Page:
I once worked with a woman who was "punishing" her son for being super brilliant by putting him on meds or in front of a TV screen for hours long. He was too young to be on meds, for one. And being in front of a TV for long hours can lead to atypical sensory behaviors which could be the very reason why the child is acting "out-of-control." Think of this scenario for a minute: mother puts the boy in front of a TV, he develops atypical sensory behavior, mother yells at the boy for atypical sensory behavior related hyperactivity, the boy feels punished, the mother and boy relationship is now altered and hurting. Next, it's time for the psychologist/psychiatrist to solve the problem. Is there any problem with this case scenario? To me, all of it is a problem! First, putting a child in front of a TV isn't at all challenging to a child curious and eager to learn. Not to mention, the more addiction to the screen the higher the dissociation with the living world outside the screen which can lead to other kinds of problems in children. If I was a child and my mother put me in front of a TV screen, I'd think, for one, she literally has no interest in me as a person. If the child is being yelled at for a behavior it cannot help exhibit as a result of a pre-conditioning, the child will feel punished not loved. Then, when the child is finally on meds, he definitely thinks "I am a sick person" or "I am not normal" or "I'm not good enough" which now can lead to a lack of self-confidence and self-love all meanwhile transitioning into adulthood. In summary, bonding and punishment don't go together. Discipline isn't punishment. Discipline is a set of rules, which once carried out and successfully completed leads to an enjoyable reward. For example, "if you do your laundry and homework, you can put $20 extra dollars in your piggy-bank!" Clearly, this isn't a punishment but a rewarding task for a child who needs to know how to treat money later in life and be accountable when he/she has to play "being-a-grown-up" for real and deal with real life responsibilities. I share this short story because it hurts me every time I see bad parent-child relationships convert into a total mess. I say make that Caesar salad together and talk about what is fun about it once done, teach via love.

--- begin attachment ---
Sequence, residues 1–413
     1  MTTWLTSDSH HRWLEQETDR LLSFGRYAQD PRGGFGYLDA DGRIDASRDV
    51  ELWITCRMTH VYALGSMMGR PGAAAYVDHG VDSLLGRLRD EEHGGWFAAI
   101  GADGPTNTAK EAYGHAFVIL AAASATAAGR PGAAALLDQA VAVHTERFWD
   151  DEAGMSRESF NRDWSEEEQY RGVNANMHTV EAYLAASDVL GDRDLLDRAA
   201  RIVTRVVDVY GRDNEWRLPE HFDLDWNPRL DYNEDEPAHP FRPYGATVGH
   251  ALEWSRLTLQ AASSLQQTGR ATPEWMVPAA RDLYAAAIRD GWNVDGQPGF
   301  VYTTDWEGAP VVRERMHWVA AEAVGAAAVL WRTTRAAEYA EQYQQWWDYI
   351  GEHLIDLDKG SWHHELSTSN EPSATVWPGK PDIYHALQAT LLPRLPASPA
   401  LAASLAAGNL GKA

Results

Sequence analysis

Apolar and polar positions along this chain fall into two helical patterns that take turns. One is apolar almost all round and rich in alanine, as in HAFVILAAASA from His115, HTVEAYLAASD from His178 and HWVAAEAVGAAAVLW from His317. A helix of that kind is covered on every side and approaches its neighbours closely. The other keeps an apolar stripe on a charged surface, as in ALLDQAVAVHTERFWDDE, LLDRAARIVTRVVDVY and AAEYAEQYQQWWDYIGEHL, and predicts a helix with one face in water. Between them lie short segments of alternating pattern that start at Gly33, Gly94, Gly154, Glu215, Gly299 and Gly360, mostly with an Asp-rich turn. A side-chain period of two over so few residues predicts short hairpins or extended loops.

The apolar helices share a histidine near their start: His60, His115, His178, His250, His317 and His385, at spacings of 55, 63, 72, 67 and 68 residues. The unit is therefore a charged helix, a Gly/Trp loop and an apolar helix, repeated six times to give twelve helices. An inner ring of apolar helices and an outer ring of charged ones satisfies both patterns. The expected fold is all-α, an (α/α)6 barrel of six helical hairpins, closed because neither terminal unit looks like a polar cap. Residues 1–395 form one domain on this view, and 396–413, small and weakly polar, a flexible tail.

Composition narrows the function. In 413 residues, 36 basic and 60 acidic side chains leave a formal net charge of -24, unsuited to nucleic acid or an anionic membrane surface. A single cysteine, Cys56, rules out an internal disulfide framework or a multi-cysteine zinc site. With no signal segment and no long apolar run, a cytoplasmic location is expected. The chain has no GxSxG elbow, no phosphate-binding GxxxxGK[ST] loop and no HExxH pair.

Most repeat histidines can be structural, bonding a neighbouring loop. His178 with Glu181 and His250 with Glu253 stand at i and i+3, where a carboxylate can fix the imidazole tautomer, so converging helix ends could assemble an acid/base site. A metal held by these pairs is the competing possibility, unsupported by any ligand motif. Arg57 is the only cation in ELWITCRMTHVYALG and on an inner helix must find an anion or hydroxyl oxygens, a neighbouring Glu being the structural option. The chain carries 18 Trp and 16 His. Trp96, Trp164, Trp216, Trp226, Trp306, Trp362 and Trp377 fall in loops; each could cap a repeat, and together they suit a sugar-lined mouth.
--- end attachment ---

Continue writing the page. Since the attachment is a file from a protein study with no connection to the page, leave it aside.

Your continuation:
Lastly, going back to the topic of Caesar salad, making it is clearly very easy. However, I will share that for dressing I use the "Follow Your Heart" vegan brand, when I don't have time to make it from scratch. I like it because it's lower in calories, less in saturated fat, and even though it's high in sodium I use very little of it because it really takes very little to create magic with it. I will also make a note about anchovies that they are a wonderful source of many great things: omega-3 fatty acids, selenium, protein, Vitamin B12, vitamin A, potassium, to name a few, but you want to be careful. If you are allergic to anything, you should make sure you have no allergies first. Second, if you are on any meds you want to check in with your doctor because meds combined with some foods can lead to adverse reactions. I am not on meds of any kind and I am not allergic to anything other than pollen, so I can eat anything I want. But everyone is different. While anchovies have many benefits, you don't want to eat them often because they are high in sodium and though lower in mercury than many other fish, you still have to take that into consideration. In addition to consulting with your doctor, you also should be doing your own research on the side because your doctor isn't perfect. Doctors are wonderful people, though not all. But, I like to think most of them have good intentions in their hearts. However, they aren't responsible for educating you. They can only give you so much aid because they too lack certain knowledge. While some doctors can and try to help you with the proper diagnosis and treatment, they cannot guarantee anything. They are doctors and you should consult with them, keeping in mind that the word "consult" means to seek information or advice from someone. Giving an opinion, giving advice, doesn't always translate to the guaranteed result we seek. This is why you hear people say, "You should get a second opinion." The medical field is very complex because the subject being studied, diagnosed, and treated is complex. You empower yourself by learning. So, read about your meds, conditions, food, etc. And most importantly, surround yourself with positive people doing positive things. This is much better than any medicine on the market today, especially when it comes to dealing with stress. Caesar salad, or not, you owe it to yourself to try to eat well. And it can get expensive, but it can also be affordable if you are resourceful and creative. BE INSPIRED to live your best life while being and staying positive, creating healthy relationships. A man I once loved told me that E. Europeans are "just surviving." He forgot I was born and raised in E. Europe. Perhaps he was right but I have some final words about that below.


"Survival is not enough" is an ignorant statement. Survival of the Homo sapiens is how we all got here and why we are still here today. While we evolve we survive the evolutionary processes which press against us along with every other adversity we face. We fight for our survival until our bodies leave us. And, someday, our bodies will leave every one of us. Thus, take pride in your survivalist nature and understand that being a survivalist is being part of the Homo sapiens species at the mercy of forces greater than life, time, and space. Being Homo sapiens it's the greatest both struggle and joy we will ever know.

Carmen A. Cisnadean

Author. Artist. Poetess.